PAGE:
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Final Report Summary - IMCONET (Interdisciplinary Modelling of Climate Change in Coastal Western Antarctica - Network for Staff Exchange and Training)

The IRSES Activity IMCONet (Marie Curie Action no 318718, Website: studies effects of rapid regional climate change in coastal systems at the West Antarctic Peninsula (WAP). Data from over 25 years of interdisciplinary ecosystem research in Antarctic coastal shallows of Potter Cove (PC), King George Island (KGI) were integrated into partial ecosystem models to relate changes in the abiotic environment to shifts in marine community composition and functioning. 70 scientists conducted long and shorter secondments between 16 European, South American, US and Canadian partner groups. While focussing on the climate change related processes in the showcase area Potter Cove, several WPs (Glaciology, Geology) were networking in a wider frame to compare the local (KGI) to the regional recent and late Holocene deglaciation patterns at the WAP (see Fig. 1) .

Fig. 1: IMCONet interdisciplinary approach, collaboration, and data flow.

Several long-term ecological data series were analysed to track climate change across system compartments from glaciology to community composition. It is for the first time ever that the ecological impacts of the transgression from a tidewater to an exclusively land based glacier in an Antarctic cove is documented by a multi-disciplinary research team. Expansion of the research scope was possible through cross station networking with US and UK partner activities in different areas of the WAP.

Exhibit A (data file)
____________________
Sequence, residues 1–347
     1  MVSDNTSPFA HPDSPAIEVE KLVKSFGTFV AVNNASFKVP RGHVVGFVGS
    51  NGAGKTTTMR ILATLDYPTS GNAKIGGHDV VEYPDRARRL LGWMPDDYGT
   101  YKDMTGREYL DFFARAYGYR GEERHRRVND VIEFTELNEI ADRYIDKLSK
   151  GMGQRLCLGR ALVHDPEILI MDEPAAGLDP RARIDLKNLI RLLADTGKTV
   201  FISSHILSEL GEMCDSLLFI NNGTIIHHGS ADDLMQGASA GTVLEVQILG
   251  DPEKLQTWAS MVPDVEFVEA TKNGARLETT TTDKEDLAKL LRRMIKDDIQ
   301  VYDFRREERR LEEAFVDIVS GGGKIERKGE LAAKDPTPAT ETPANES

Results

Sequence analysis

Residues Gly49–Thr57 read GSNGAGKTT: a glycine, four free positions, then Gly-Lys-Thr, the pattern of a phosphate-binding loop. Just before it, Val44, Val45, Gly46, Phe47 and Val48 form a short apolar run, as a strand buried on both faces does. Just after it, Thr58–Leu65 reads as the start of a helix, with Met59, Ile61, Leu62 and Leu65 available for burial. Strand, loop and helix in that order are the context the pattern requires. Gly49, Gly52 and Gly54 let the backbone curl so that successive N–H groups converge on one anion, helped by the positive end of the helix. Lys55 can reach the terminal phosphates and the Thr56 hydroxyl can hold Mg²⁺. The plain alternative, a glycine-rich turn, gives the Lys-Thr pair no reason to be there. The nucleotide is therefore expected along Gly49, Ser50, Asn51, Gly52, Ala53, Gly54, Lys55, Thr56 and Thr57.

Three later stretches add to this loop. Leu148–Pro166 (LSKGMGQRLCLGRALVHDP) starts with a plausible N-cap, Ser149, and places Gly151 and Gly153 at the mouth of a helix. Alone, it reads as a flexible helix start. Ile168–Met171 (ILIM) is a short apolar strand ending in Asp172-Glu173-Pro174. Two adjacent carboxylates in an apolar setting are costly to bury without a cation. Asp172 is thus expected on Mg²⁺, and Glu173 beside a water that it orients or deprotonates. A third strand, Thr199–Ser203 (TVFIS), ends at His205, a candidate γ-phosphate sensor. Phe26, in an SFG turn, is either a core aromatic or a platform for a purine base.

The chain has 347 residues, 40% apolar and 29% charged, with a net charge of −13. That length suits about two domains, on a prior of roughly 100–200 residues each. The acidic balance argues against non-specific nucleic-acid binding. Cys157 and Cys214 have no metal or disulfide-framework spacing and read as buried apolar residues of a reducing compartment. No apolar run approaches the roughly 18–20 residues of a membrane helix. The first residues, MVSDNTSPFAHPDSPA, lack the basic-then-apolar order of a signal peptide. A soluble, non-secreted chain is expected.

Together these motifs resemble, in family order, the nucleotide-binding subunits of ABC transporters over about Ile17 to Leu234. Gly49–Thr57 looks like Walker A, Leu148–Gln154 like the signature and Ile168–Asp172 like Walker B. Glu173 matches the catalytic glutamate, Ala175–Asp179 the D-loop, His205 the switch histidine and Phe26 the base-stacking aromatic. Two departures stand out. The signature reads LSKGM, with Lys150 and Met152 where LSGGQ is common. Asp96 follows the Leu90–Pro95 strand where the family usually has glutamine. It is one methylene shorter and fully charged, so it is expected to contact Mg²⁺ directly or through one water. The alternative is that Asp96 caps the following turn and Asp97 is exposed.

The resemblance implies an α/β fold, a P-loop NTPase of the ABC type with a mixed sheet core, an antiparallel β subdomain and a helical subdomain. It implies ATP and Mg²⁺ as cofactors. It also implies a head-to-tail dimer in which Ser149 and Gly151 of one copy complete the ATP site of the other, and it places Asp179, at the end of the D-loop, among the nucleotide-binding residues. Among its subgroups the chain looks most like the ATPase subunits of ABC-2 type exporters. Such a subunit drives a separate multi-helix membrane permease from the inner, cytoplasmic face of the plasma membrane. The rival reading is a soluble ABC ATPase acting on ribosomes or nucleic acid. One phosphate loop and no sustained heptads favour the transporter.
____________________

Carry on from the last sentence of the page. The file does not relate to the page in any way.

A newly generated glacier inventory documents changes in glacier extent on the WAP. Intensive studies of ice dynamics in IMCONet revealed a strong dependence of glacier extension on overall geometry. Glaciers with a negative mass balance for 1992-1996 in the northern WAP region gained mass again between 2010 and 2014, in line with our climatological data showing colder temperatures and increased precipitation since 2001. Uncertainties of these estimates are still large. Models to estimate the amount of glacier melt water were run for Potter Cove to estimate the extent to which melting affects the coastal ecosystems. To further validate the models, IMCONet glaciologists integrated data sets from different in-situ observations, field activities, and from remote sensing.
New sediment core archives for Holocene (11,700 years to present) deglaciation events were analyzed during IMCONet. BAS, UOldenburg, and UGent partners studied deglaciation and relative sea level change, and compared the impact of volcanic activity and past changes in climate, sea-ice distribution and relative sea level on one of the largest gentoo penguin colonies in Antarctica using novel penguin guano and biomarker analyses of lake sediments from KGI and Ardley Island (Roberts et al. Nature Com. in press). A major focus was to explain and date submarine landforms (glacial moraines and basins) in PC also to understand how an ecosystem rebuilds during and after deglaciation. The “youngest” parts of the inner cove are delimited by the most prominent moraine which formed during the “Little Ice Age” cold climate phase. This inner part is most clearly under the impact of glacier melt and many susceptible species are literally excluded from this area (e.g., fish, amphipods, sensitive algae, gorgonians).